Business Maverick


Rushed legislation to strengthen financial oversight and avoid greylisting betrays a weakened law-making regime

Rushed legislation to strengthen financial oversight and avoid greylisting betrays a weakened law-making regime
Illustrative image | Parliament in Cape Town, South Africa. (Photo: Leila Dougan) | Adobe Stock

The risk of greylisting from the Financial Action Task Force has triggered the drafting of laws to strengthen South Africa’s financial accountability regime. But a rushed law-making process has resulted in bills presented to Parliament which do not adequately respond to South Africa’s unique challenges in combating financial crime.

There has been a flurry of activity in the last two months, as parliamentary committees requested and considered submissions on amendment bills introduced in a desperate attempt to avoid greylisting from the Financial Action Task Force (FATF). 

The FATF is an international organisation tasked with developing policies to combat money laundering and terrorism financing. The FATF maintains a black list and a grey list which have led financial institutions to shift resources and services away from the listed countries, and thereby motivated governments to introduce regulations that are compliant.

South Africa faces greylisting because of its weak anti-corruption and anti-money laundering efforts – hence the rush to introduce new legislation.

The bills – the Protection of Constitutional Democracy from Terrorism and Related Activities Amendment Bill and the General Laws (Anti-money Laundering and Terrorism Financing) Amendment Bill – were sent to the legislature on 19 July and 29 August 2022, respectively.

Both the Standing Committees on Finance and Police were told that the bills should be passed by November 2022 in order to meet a deadline imposed by the FATF. For those who have worked on parliamentary bill processes in the past, this was a fantastical timeframe.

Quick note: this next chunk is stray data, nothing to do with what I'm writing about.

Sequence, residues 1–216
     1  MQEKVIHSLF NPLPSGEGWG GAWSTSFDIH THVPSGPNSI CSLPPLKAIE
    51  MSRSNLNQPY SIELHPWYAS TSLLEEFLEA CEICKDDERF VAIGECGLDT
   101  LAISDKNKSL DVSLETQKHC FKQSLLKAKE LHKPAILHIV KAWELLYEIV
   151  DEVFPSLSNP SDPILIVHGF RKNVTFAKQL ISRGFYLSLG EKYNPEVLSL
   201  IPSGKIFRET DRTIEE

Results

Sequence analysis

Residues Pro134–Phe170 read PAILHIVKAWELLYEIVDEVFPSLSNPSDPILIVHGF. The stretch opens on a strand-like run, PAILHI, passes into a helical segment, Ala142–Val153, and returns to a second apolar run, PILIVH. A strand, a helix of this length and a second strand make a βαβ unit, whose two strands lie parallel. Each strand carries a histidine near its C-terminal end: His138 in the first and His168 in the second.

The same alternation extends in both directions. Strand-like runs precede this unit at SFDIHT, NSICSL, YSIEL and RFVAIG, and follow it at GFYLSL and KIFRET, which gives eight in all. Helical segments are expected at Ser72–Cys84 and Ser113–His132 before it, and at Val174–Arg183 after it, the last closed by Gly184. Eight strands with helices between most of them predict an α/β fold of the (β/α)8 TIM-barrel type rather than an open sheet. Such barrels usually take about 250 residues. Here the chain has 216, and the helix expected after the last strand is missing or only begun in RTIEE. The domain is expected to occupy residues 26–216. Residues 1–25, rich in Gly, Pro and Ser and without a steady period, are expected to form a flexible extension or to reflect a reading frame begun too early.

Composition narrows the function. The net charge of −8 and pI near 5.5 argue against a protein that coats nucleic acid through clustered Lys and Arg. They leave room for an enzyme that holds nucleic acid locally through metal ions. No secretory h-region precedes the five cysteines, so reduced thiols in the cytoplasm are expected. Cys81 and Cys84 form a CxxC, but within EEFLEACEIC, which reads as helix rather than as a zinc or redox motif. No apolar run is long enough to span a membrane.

The chairperson of the Standing Committee on Finance, Joe Maswanganyi, voiced his displeasure at the short period in which his committee was given to examine the bill. He said: “Don’t bring bills to Parliament that you want processed in one month. Parliament is a legislative body, not a department.”

But what are the causes and the effects of this rushed process? 

amaBhungane prepared submissions on both bills, so we have been privy to the way the public participation portion of the process has been conducted. That experience, and the research that informed our submissions, has given us a picture of an under-resourced law-making process concerned only with meeting the bare minimum requirements for legitimacy.

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The first report from the FATF, which detailed South Africa’s severe failings in preventing money laundering and terrorist financing, was published in October 2021. 

The FATF describes itself as “an independent, intergovernmental body that develops and promotes policies to protect the global financial systems against money laundering, terrorist financing and the financing of proliferation of weapons of mass destruction”. 

The FATF has 40 recommendations against which it evaluates countries. It found South Africa to be compliant with three recommendations, largely compliant with 17, partially compliant with 15 and non-compliant with five. 

Should South Africa not demonstrate progress in correcting those areas of poor compliance, the FATF will place the country on its “grey list” – countries under “increased monitoring” by the FATF. 

The executive was tasked with implementing measures to resolve the weaknesses identified by the FATF and avoid greylisting. The economic and financial risks of a failure to do so were well known. 

Business Leadership South Africa (BLSA) released a report last month describing the reputational damage greylisting would cause, and explaining that the enhanced due diligence and monitoring required for South African companies may disincentivise foreign financial firms from doing business in South Africa. 

The BLSA estimated the impact of greylisting on the country’s GDP at anywhere between one and 3%. 

The timeline to demonstrate meaningful progress was short: South Africa was required to provide the FATF with a progress report at the end of October 2022; in January 2023, South Africa and other FATF countries will meet to discuss the progress made; and in February 2023, the FATF’s plenary session will determine whether South Africa will be moved to the “increased monitoring” category.